JBA section helps parties resolve disputes

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  • | 12:00 p.m. November 4, 2002
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by Monica Chamness

Staff Writer

The Alternative Dispute Resolution Section of the Jacksonville Bar Association, formerly the Mediation Section, has big plans for the upcoming year. Alternative dispute resolution includes mediation, arbitration, expert case evaluation and private judging. The section focuses on mediation and arbitration.

“Mediation is a settlement conference,” explained Cindy Anderson, chair of the Alternative Dispute Resolution Section of the JBA. “The parties will agree to disagree on xyz terms. It may involve a settlement with monetary compensation or it may not, but it doesn’t say who’s wrong or who’s right.”

Essentially, mediators serve as a neutral facilitator of negotiations between two parties. Employing good listening skills and creative problem-solving, mediators are charged with helping each side resolve their mutual conflict.

“Arbitration is a situation where the parties bring a dispute in front of an individual they’ve chosen to hear the dispute and make a decision regarding who’s right,” she said. “It’s like a trial.”

Once the arbitrator makes a decision, he or she must determine what that means in terms of the contract — if money is owed or obligations remain. According to Anderson, most arbitrations arise from the fine print in previous contracts or by stipulations.

For lawyers who pursue mediation and arbitration, state certification is required. The Alternative Dispute Resolution Section aspires to provide the necessary continuing education for them. To this end, section members are devising a seminar within the region to be tentatively set for the spring. Because most of the attorneys in this group practice mediation, that facet will be the seminar’s focus. Planning meetings will likely occur soon. Due to the newness of the section, long-range goals or designs for signature events have not been crystallized yet.

“We take our cues from the Jacksonville Bar,” said Anderson. “If, say, the trial section had an interest in doing social or educational activities, we would collaborate with them. The section is, and should be, a source for anyone who is interested in becoming a mediator or arbitrator to turn to for advice, or a source for those looking for qualified people in the field because they want to retain one for their client’s dispute. I’m hoping along the way that we may be able to provide a little more education to attorneys on opportunities available to them regarding other forms of dispute resolution.”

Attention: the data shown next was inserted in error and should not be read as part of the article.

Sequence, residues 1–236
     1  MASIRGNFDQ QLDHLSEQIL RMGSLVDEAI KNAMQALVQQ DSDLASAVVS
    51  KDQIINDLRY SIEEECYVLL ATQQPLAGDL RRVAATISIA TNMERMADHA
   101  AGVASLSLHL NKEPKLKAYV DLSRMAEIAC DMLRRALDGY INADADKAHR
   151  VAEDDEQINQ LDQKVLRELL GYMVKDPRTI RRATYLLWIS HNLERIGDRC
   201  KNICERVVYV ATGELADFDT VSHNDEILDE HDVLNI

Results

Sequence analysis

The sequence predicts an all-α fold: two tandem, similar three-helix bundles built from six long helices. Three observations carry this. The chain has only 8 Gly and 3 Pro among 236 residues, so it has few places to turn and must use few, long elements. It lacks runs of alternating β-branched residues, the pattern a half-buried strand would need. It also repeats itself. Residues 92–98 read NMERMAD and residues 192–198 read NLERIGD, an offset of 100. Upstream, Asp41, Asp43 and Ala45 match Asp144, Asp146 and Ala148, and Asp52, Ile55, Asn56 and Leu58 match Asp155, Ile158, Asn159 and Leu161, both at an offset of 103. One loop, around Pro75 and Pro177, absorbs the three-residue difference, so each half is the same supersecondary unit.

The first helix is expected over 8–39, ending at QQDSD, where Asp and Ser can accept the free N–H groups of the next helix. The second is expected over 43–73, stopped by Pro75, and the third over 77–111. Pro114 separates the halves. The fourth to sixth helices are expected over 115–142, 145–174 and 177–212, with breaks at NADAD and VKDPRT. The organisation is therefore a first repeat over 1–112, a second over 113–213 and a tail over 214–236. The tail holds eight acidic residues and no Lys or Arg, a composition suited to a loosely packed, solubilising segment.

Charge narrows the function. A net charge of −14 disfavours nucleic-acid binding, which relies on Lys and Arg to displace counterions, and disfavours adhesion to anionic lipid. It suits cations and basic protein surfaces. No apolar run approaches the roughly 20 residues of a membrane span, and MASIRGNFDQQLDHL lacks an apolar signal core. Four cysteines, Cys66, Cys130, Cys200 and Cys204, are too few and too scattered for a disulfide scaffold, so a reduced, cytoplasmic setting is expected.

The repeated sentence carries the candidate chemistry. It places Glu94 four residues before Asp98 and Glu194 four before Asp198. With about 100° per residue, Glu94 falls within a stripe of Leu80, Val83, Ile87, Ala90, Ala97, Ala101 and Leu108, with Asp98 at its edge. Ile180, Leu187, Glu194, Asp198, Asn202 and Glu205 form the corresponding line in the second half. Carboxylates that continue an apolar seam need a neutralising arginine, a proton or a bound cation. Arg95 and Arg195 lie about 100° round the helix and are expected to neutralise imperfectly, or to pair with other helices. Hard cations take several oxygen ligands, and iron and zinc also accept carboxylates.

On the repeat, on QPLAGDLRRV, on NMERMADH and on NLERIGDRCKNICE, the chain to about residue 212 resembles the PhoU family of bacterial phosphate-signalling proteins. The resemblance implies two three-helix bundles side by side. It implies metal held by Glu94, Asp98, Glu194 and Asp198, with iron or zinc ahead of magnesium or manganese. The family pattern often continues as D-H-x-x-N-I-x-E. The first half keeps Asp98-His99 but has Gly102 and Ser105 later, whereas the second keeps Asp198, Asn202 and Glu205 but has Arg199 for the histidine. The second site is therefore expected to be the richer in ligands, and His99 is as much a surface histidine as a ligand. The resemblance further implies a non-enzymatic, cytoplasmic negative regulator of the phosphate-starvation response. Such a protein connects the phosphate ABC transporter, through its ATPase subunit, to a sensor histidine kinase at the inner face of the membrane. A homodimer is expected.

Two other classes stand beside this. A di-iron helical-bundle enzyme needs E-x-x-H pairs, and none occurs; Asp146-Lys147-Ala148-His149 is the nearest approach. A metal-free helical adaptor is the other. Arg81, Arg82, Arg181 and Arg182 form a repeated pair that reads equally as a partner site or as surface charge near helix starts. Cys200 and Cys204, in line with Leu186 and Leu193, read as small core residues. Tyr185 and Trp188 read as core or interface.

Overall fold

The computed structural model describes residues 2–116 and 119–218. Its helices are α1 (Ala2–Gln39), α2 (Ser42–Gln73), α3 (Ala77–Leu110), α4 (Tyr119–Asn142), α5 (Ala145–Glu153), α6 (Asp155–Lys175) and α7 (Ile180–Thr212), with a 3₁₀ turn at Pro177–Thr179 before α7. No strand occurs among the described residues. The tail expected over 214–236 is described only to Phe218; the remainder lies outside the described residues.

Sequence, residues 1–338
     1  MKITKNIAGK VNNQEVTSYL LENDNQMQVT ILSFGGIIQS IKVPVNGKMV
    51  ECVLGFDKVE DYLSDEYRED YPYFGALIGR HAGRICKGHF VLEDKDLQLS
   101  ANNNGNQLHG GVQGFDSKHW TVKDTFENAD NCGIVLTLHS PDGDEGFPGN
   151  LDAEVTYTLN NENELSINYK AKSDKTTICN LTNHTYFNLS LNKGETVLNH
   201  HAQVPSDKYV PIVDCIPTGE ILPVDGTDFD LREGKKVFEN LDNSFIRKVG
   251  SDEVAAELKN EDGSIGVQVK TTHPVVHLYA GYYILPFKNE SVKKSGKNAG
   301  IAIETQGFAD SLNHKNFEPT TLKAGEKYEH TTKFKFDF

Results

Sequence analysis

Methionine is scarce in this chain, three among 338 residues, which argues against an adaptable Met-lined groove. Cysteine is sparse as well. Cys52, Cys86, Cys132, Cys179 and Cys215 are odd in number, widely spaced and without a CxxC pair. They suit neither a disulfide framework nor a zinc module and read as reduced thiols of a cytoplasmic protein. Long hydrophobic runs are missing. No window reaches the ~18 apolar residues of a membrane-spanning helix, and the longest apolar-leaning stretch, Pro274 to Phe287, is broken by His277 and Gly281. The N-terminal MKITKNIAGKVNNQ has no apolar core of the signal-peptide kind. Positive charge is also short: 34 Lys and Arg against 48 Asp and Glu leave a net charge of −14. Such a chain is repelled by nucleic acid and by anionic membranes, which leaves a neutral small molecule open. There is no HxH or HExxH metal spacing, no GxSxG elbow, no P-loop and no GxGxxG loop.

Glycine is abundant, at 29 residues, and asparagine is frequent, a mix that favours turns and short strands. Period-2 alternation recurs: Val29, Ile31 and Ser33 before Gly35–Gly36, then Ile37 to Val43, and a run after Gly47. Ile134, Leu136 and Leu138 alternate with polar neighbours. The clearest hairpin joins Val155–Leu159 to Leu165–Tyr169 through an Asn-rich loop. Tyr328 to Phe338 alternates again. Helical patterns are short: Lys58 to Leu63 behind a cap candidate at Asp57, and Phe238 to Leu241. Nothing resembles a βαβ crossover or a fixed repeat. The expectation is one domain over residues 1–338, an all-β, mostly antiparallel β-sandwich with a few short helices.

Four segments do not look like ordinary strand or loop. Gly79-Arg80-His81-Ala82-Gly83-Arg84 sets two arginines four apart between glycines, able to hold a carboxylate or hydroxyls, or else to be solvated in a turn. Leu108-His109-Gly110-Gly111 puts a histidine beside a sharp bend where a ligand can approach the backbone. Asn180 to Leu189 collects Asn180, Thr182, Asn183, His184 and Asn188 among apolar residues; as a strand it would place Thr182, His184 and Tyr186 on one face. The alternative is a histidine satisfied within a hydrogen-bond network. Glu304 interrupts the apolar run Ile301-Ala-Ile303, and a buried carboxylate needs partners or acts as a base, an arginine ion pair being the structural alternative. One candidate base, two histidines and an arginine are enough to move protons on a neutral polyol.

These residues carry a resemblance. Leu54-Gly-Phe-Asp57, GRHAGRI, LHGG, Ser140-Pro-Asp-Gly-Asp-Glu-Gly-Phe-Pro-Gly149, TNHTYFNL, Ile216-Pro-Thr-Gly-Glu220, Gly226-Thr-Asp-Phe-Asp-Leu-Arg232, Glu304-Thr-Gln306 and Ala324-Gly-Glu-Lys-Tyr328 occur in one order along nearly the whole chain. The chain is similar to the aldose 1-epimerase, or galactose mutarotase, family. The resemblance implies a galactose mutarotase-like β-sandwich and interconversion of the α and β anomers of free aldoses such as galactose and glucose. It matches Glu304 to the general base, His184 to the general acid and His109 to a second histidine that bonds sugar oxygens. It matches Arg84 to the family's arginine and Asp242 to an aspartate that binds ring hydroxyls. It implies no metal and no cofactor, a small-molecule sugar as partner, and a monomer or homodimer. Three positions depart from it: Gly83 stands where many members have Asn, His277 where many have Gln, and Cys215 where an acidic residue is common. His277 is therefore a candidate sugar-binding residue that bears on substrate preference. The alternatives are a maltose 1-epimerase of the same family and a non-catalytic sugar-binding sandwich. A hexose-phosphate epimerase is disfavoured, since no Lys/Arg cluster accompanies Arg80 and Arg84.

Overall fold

As with all of the JBA sections, networking among lawyers in unfamiliar fields is another purpose they serve. With the short history that the arbitration and mediation approaches have been able to garner, creating awareness is a prime focus.

“The section is important because it is an emerging area of the law, particularly within the past 10 years,” said Anderson. “Individuals that practice mediation or arbitration have their own special needs as far as education or training that is not necessarily met in law school. It helps to know others who do this in order to talk about it, to know what to do and how to improve what you do. There is a need for people to understand what’s available and how to use it.”

Originally, the section was to be dubbed either the mediation or arbitration section due to the collective expertise of the practitioners within that group but the current name looks more broadly to the future of the field.

“There is a recognition that some people are not able to use the judicial system in an expeditious manner,” said Anderson on why one should opt for a non-traditional legal outcome. “It’s better to take control of a dispute yourself but both sides have to be willing to compromise. Mediation has gained popularity with judges because cases are settled without going to trial. For attorneys, it’s another means of having a dispute resolved for a client without litigating it in the courtroom.”